By Fisseha Gidey
Adigrat University, once a symbol of knowledge, innovation, and hope for the people of Tigray, bore witness to unprecedented devastation during the war against Tigray by the federal government and its allies: the Eritrean government, the Amhara regional forces, and international collaborators. As the conflict escalated, the institution became a target, suffering irreparable damage and facing challenges that have impacted the academic community and the region’s overall development.
Adigrat University is one of Ethiopia’s publicly funded National Universities, located in the historic city of Adigrat in the Eastern Zone of Tigray Regional State. It stands 900 KM from the capital, Addis Ababa, and 120 KM from the regional capital, Mekelle. It was officially established on May 26, 2011, and opened its doors, admitting 960 students across 13 departments within four colleges two months later.
In the year 2020, approximately 20,000 students were enrolled in 35 departments across six colleges through regular, summer, and extension programs.
Before the devastating war, many students from neighbouring countries such as Eritrea, South Sudan, and Somalia had benefited from the scholarship opportunities offered by Adigrat University.
In November 2020, a war was declared on Tigray by allied forces, including the Ethiopian Defense Forces, Amhara Regional forces and militia, invading Eritrean troops, and shockingly, Somali soldiers who were training in Eritrea, and with drone support from international collaborators of Abiy Ahmed’s regime.
This resulted in the massive destruction of the University’s infrastructure. The allied forces left the University in ruins, with shelling, broken doors and windows, looted belongings, and its use as a military base.
The destruction was immense, with buildings reduced to rubble, ICT infrastructures, including cloud computing centres, severely damaged, and essential utilities such as electricity and water supply disrupted.
The conflict also forced students and faculty members to flee the area, disrupting academic programs, research initiatives, and community services. Tragically, nine University staff members lost their lives, while seven kidnapped staff members remain unknown. What’s even more distressing is that a total of 3,066 staff members and their families suffered from starvation due to a prolonged 17-month period without receiving any salary.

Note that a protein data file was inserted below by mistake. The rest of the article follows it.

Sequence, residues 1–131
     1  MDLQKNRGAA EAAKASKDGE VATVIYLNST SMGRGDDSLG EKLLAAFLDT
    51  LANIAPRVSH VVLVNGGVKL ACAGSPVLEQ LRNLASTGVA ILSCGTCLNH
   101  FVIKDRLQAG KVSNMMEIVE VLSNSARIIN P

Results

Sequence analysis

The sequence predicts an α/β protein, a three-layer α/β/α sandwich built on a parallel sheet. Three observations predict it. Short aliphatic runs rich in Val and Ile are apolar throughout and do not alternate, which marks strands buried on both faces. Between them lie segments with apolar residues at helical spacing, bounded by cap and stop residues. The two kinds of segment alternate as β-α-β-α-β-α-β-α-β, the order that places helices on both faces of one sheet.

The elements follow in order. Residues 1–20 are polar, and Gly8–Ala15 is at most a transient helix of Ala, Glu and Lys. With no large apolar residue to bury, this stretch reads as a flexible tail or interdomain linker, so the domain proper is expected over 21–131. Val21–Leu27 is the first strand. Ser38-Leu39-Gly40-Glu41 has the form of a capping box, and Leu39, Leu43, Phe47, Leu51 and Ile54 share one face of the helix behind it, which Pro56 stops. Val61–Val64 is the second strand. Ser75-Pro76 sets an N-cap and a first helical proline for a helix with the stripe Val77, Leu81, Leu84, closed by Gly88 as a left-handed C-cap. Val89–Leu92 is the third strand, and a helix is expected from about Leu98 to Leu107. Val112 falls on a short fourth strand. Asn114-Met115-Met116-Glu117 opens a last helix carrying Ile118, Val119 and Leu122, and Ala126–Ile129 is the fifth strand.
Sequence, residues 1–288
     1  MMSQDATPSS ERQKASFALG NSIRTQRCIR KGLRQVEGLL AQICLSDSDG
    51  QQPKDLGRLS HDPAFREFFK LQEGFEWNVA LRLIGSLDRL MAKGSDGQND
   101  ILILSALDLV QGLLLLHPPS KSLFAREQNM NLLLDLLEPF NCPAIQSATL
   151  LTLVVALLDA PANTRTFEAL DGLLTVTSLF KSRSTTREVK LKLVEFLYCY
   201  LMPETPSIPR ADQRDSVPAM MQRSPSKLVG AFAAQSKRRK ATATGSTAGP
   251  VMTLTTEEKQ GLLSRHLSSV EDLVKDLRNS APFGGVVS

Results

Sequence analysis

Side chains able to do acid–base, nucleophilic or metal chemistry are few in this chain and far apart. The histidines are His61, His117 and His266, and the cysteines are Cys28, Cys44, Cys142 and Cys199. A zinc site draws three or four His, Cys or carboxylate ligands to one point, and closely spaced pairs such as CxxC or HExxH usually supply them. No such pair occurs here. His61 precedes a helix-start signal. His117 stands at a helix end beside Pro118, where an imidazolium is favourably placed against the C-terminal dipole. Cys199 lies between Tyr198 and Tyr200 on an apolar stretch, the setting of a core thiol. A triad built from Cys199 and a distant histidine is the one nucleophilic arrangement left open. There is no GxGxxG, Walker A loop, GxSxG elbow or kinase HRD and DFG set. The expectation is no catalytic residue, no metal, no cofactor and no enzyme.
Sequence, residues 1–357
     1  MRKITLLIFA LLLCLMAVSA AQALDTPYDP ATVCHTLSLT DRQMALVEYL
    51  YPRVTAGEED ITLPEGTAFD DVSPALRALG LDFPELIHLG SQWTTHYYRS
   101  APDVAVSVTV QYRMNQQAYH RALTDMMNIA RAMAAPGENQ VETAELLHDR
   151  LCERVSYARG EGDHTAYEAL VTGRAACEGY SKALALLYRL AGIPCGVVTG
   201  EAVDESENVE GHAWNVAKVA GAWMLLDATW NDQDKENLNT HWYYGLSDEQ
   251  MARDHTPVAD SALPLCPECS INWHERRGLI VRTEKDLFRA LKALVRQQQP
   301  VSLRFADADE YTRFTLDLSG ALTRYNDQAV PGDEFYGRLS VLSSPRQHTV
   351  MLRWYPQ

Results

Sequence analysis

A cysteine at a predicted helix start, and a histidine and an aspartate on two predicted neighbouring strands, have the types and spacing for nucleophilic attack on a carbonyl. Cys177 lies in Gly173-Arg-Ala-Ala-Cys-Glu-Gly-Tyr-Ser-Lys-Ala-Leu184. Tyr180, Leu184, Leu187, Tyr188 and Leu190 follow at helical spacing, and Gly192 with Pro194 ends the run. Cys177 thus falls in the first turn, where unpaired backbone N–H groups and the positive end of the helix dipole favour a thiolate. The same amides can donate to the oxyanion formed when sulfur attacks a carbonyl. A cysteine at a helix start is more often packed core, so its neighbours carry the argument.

The ensuing war unleashed widespread violence, displacement, rape, and gross human rights violations. Adigrat University, as one of the prominent institutions in the region, became a target, marking a devastating turn in the crisis. As the war raged on, the University found itself more at the centre of the conflict due to its proximity to Eritrea, facing destruction on multiple fronts, as presented below.
The once-vibrant university campus became a battleground and a military base, destroying and severely damaging buildings, classrooms, libraries, laboratories, and research facilities.
Disruption of Academic Activities
The violence and insecurity forced the university to suspend academic activities indefinitely. Both students and faculty members were compelled to flee for their safety, leaving behind a void in knowledge and intellectual growth.
Loss of Intellectual Capital
Adigrat University boasted a pool of talented and dedicated professors and researchers who made significant contributions to the region’s development. However, 16 staff members either died or went missing, while many were forced to leave the area, resulting in a substantial loss of intellectual capital in Tigray.
Cultural Heritage at Risk
The city of Adigrat, with its rich cultural history, also suffered during the conflict. As an integral part of the city, the university played a crucial role in preserving and promoting local cultural heritage. The destruction of the university symbolized an attack on the region’s identity, history, and potential contributions to socio-economic development.
The destruction of Adigrat University has far-reaching implications that extend beyond the academic sphere, as indicated below.
Disrupted Educational Pathways
The closure of the university disrupted the academic journeys of thousands of students. Many students were left uncertain about their futures, unable to continue their education and pursue their dreams.
Adigrat University played a pivotal role in driving economic growth and innovation in the region. The destruction of its infrastructure and academic activities led to a setback in the region’s economic progress.
The university once represented hope and progress for the people of Tigray and Ethiopia at large. Its destruction shattered the dreams of countless individuals who aspired to improve their community.
Challenges for Rebuilding
The process of rebuilding the university and the region at large is a monumental task that requires substantial resources, time, and concerted efforts from various stakeholders.
In conclusion, the destruction of Adigrat University amid the war on Tigray is a tragic and heart-wrenching event that has left an indelible mark on the region’s history. The loss of this esteemed institution not only hampers academic progress but also robs the people of Tigray of their aspirations and potential for a better future.
Rebuilding the university will be a challenging endeavour, but restoring hope, knowledge, and prosperity to the people of Tigray is essential. Education lovers must unite to support the University and the region in overcoming this devastation, as education is an indispensable tool for healing wounds, fostering peace, and empowering societies to thrive again.
Fisseha Gidey, a senior lecturer of mathematics at Adigrat University, is currently collaborating with Queens University on a research project funded by SSHRC titled ‘Black Youth Experiences in Tigray’s Conflict’.